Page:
The great outdoors is great for kids with attention deficit hyperactivity disorder (ADHD). Research suggests that being outside in natural environments reduces the severity of ADHD symptoms in kids (see here and here).
“[Being outside] provides ADHD children with a more open environment to appropriately express their energy,” according to Roberto Olivardia, Ph.D, a clinical psychologist and clinical instructor in the department of psychiatry at Harvard Medical School.
Psychotherapist Terry Matlen, ACSW, agreed. “Children who are hyperactive and impulsive can release tension far easier being outside running, jumping, swinging and playing sports than sitting indoors.”
The inherent changes in the environment also are beneficial for kids with ADHD, she said. “There is a natural rhythm and movement that can offer a calming effect [such as a] slight breeze [and] gentle sounds of leaves rustling.”
Plus, it gives kids the opportunity to move their bodies, which also helps to reduce ADHD symptoms, according to Stephanie Sarkis, Ph.D, a psychotherapist and author of several books on ADHD, including Making the Grade with ADD: A Student’s Guide to Succeeding in College with Attention Deficit Disorder. “Exercise increases dopamine levels in the brain, and these levels are naturally low in the ADHD brain.”
Exercise also helps kids with ADHD “improve their balance, coordination and other gross motor skills,” Matlen said.
Below, you’ll find ideas on fun and engaging outdoor activities.
Structured & Simple Activities
“Structured, organized activities with simplified instructions such as art or creative activities, playing tag and yoga can be helpful for children with ADHD,” Sarkis said. She also stressed the importance of “unstructured free play.”
“Healthy competition can be very engaging and highly stimulating,” Olivardia said. You can involve your kids in team sports such as soccer, baseball, basketball, volleyball, football or tennis.
While some kids with ADHD thrive in team sports, “many have problems with social skills and poor motor skills (clumsiness),” said Matlen, author of Survival Tips for Women with AD/HD. So activities such as “running, swimming, biking, climbing on playground equipment might be better activities than playing on a soccer or tennis team.”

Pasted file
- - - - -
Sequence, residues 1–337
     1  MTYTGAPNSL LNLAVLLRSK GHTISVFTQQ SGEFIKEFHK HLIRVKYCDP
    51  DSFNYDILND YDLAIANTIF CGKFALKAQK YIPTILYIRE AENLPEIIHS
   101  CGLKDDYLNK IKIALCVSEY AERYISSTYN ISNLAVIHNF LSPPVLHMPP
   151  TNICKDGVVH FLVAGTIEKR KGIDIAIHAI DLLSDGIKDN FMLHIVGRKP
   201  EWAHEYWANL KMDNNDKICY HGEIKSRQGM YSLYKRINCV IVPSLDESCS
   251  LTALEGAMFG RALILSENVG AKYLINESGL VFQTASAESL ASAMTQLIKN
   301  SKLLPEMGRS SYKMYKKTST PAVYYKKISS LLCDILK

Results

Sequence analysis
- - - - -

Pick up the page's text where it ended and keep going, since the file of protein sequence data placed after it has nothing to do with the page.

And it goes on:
“Children with ADHD are curious and most love nature,” Matlen said. She suggested everything from gardening to setting up bird feeders. Then kids can “quietly wait for birds to feed, [which is] a great skill to develop.”
Matlen also suggested “activities like painting the fence, raking leaves [and] hauling things in the wheelbarrow.” These kinds of activities are effective “because it forces children to use their bodies against resistance which offers a calming effect, much like some therapeutic activities occupational therapists use with children with ADHD.”
“Activities that may be difficult to engage a kid with ADHD indoors may be an entirely different experience outdoors,” Olivardia said.
He worked with a 12-year-old boy with ADHD, who had a hard time reading. His client concluded that he was just a bad reader. But Olivardia suggested he read outside. “It worked! He attributes his dramatic increase in reading endurance to ‘being in a space without walls.’”
Being outdoors gives kids with ADHD permission to move, Olivardia said. And that can be incredibly empowering. “The ‘bull in the china shop’ indoors could be the tree climber, fastest runner, or nature walker outdoors.”
As Matlen said, “Kids with ADHD are constantly being told to sit still, be quiet and stay clean. Having the opportunity to run free, roll in the dirt and play with the garden hose are important outlets that can help ease hyperactivity and impulsivity.” And it’s important for parents to encourage that.
The great outdoors also can become a valuable teacher. “There are many learning opportunities in almost any outdoor experience,” Matlen said. For instance, your child can measure how many cups of sand they need to fill a bucket or learn to take care of plants, she said.